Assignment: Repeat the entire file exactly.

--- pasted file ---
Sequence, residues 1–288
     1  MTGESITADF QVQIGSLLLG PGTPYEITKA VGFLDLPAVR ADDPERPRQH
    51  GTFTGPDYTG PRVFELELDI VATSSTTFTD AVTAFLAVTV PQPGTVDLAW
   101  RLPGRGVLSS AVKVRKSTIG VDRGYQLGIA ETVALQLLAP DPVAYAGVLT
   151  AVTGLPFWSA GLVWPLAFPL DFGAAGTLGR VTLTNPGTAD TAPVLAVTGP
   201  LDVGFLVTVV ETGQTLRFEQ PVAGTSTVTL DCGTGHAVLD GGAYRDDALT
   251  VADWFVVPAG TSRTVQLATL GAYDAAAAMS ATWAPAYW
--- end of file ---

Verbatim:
Sequence, residues 1–288
     1  MTGESITADF QVQIGSLLLG PGTPYEITKA VGFLDLPAVR ADDPERPRQH
    51  GTFTGPDYTG PRVFELELDI VATSSTTFTD AVTAFLAVTV PQPGTVDLAW
   101  RLPGRGVLSS AVKVRKSTIG VDRGYQLGIA ETVALQLLAP DPVAYAGVLT
   151  AVTGLPFWSA GLVWPLAFPL DFGAAGTLGR VTLTNPGTAD TAPVLAVTGP
   201  LDVGFLVTVV ETGQTLRFEQ PVAGTSTVTL DCGTGHAVLD GGAYRDDALT
   251  VADWFVVPAG TSRTVQLATL GAYDAAAAMS ATWAPAYW